The steel industry is a big consumer of energy (Image: Jonathan Myers)
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Ministers have been urged to intervene to prevent a crippling rise in electricity costs for the steel industry.
Energy watchdog Ofgem plans to allow a hike in prices in a move critics fear will further damage the sector.
MP Stephen Kinnock, who chairs the All-Party Parliamentary Group on Steel and Metal-Related Industries called on Business Secretary Kwasi Kwarteng to block the cost increase, revealed in a Targeted Charging Review announcement by the regulator.
In a letter seen by the Mirror, Mr Kinnock said: “Shockingly, Ofgem is proposing to implement the worst possible outcome for the steel sector … which would double network charges.”
Stephen Kinnock, Labour MP for Aberavon, chairs the All-Party Parliamentary Group on Steel and Metal-related Industries
The Mirror told this year how cash-strapped British metals’ firms pay twice as much for electricity as French rivals and 50% more than German counterparts.
An industry study, The Energy Price Scandal: A Fair Power Deal for UK Steel, showed the average electricity price for steel producers in the UK is about £65 per megawatt hour (Mwh), compared with £31/MWh in France and £43/MWh in Germany.
Experts fear the extra overheads will hamper attempts to make the industry more environmentally-friendly by slashing emissions.
A switch to greener electric arc furnace technology will see firms use much more power.
Using more electricity would be greener but cost more
Mr Kinnock's letter adds: “Despite extensive and in-depth representation made to the energy regulator on the impact of this reform on the sector, its competitiveness, and ability to decarbonise, Ofgem still chose to propose a significant charge increase.
“When the sector faces increasing calls to decarbonise, it is astonishing that the regulator would choose to make this even harder and considerably damage the competitive business environment for energy intensive industries.”
UK Steel director-general Gareth Stace said: “The continued disparity between the electricity prices paid by UK steelmakers and our European competitors is huge, and a massive disincentive to investment in the UK.
“Every year, £50million extra is spent on electricity costs that could otherwise be productively invested.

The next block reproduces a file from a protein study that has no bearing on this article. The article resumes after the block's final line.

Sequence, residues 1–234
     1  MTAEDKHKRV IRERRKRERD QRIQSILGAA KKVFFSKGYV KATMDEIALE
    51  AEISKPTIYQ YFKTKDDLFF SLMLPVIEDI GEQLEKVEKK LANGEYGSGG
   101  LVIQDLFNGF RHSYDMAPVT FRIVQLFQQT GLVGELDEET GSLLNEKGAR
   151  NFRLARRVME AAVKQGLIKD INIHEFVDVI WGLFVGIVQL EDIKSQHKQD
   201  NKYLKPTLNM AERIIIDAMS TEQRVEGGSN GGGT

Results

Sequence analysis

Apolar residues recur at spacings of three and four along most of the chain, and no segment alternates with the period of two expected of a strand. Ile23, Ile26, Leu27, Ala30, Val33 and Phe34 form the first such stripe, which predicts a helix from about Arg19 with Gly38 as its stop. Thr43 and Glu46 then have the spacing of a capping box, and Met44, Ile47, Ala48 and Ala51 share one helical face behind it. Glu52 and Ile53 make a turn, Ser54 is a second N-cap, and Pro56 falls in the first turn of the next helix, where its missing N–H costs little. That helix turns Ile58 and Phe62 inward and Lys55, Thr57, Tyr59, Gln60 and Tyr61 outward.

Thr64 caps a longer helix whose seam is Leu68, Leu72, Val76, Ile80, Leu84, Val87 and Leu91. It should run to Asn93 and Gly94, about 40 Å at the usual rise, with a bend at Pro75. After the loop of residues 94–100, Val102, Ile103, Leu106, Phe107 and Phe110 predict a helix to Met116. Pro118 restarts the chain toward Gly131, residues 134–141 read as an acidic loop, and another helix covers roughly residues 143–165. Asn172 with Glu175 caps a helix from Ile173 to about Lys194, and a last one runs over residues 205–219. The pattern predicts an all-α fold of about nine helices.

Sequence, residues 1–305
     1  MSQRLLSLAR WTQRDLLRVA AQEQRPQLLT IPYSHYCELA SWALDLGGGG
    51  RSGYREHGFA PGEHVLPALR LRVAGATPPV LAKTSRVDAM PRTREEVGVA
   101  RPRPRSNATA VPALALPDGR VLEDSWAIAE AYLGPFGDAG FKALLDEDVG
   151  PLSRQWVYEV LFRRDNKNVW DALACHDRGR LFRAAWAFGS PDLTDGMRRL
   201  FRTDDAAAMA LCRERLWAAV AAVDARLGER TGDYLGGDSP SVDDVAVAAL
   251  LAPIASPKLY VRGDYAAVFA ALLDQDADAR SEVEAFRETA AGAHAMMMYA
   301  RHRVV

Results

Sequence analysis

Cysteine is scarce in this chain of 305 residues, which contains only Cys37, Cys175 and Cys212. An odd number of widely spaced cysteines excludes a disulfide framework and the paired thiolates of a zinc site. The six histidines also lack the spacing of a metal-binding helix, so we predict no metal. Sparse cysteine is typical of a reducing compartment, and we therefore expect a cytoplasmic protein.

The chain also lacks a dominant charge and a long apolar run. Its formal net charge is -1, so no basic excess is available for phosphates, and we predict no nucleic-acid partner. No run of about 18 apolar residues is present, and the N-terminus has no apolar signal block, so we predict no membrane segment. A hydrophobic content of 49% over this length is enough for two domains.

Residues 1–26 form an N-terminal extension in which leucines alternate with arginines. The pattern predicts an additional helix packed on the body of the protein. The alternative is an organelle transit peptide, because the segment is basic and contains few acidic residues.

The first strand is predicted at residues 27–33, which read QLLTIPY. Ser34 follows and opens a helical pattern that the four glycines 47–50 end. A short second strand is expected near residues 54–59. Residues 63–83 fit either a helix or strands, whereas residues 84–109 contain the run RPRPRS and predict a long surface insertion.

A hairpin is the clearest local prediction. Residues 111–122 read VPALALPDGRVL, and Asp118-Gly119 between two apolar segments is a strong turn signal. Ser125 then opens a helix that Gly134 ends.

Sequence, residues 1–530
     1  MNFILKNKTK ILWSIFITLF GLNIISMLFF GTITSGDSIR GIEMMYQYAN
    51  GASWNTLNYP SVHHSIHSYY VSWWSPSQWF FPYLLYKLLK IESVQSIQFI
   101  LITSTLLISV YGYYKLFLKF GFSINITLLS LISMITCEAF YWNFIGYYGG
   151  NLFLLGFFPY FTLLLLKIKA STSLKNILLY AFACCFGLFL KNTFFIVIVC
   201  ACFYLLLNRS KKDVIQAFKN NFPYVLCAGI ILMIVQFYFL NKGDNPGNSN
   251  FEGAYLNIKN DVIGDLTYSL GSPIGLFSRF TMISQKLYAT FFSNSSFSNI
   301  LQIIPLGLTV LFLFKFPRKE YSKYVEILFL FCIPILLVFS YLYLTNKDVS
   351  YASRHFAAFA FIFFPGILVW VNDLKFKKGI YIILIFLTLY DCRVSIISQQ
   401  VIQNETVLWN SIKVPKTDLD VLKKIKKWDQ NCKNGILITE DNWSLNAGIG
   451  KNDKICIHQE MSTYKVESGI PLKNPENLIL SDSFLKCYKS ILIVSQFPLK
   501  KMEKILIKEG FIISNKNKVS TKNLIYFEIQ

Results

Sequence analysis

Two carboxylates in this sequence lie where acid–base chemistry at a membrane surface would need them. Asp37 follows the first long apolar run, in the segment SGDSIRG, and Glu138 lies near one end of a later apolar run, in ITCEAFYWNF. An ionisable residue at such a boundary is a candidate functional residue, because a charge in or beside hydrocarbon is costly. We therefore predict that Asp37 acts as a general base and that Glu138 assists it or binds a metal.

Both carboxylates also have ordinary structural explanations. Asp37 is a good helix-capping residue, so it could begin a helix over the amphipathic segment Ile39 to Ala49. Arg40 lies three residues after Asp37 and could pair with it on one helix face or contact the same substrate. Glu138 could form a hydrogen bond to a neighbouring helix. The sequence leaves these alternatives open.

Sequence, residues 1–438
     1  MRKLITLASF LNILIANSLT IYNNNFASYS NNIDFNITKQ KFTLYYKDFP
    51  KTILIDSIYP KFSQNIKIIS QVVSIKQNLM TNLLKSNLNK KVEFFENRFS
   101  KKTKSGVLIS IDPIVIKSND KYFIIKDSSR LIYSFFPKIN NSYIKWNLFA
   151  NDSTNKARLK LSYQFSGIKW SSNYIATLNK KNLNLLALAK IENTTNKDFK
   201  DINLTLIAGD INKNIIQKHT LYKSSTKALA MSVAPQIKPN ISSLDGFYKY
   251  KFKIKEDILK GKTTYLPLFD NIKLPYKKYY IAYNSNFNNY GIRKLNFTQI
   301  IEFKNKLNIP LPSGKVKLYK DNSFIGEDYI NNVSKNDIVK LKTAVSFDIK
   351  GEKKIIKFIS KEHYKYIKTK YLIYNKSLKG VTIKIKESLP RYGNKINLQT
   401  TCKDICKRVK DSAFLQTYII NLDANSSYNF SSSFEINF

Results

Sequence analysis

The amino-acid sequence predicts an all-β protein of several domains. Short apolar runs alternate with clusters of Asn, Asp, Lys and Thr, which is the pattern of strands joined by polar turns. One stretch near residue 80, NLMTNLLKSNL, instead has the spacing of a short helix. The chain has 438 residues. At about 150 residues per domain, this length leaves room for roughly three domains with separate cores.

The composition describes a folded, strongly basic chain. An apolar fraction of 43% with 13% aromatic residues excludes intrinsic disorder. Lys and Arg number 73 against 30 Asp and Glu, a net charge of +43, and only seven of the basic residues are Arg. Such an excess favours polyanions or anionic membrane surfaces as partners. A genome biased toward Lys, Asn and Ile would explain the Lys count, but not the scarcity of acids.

The sector is under pressure to cut emissions
(Image: Media Wales)
“The cost for the decarbonisation of the steel sector will run into the billions, and failing to remove these barriers to investment only makes the route to decarbonisation harder.
“Ofgem themselves have acknowledged that UK steel producers are charged far more than those in other nations.
“Recognising this is not enough, words are not enough.
UK Steel director-general Gareth Stace
(Image: Edward Moss Photography)
“Only actions matter, and we urge the government to remove this millstone from the neck of our sector.”
Community steelworkers' union operations director Alasdair McDiarmid said: “Our steel industry has to decarbonise, but all the options require more electricity and we need urgent action to bring down the UK’s sky-high prices.
“Currently we pay twice as much for electricity as our EU competitors, which is a major competitive disadvantage as well as a barrier to delivering the Government’s climate objectives.”
Community union operations director Alasdair McDiarmid
(Image: Community union)
An Ofgem spokesman said: “We expect our package of reforms to save consumers around £300million a year over 20 years.
“The changes will make sure that domestic consumers do not pay some of industry’s costs.
“All customers, from households to heavy industry, share the costs of the electricity networks.
“We’re changing network charges so they fall fairly between all consumers in future, including large industries which use more electricity.
The Mirror has been campaigning to Save Our Steel since 2015
“Ofgem’s role is to protect all consumers and we recognise the important contribution large industries play in the economy which is why we’re working closely with government at options for additional support.”
A Business Department spokesman said: “We remain committed to supporting UK steelmaking to make the industry more energy efficient, cutting their bills in the process.
“This includes our Decarbonisation Strategy to support industry to cut emissions, as well as hundreds of millions of pounds in support to the industry, both through dedicated funds and through relief from higher energy bills.”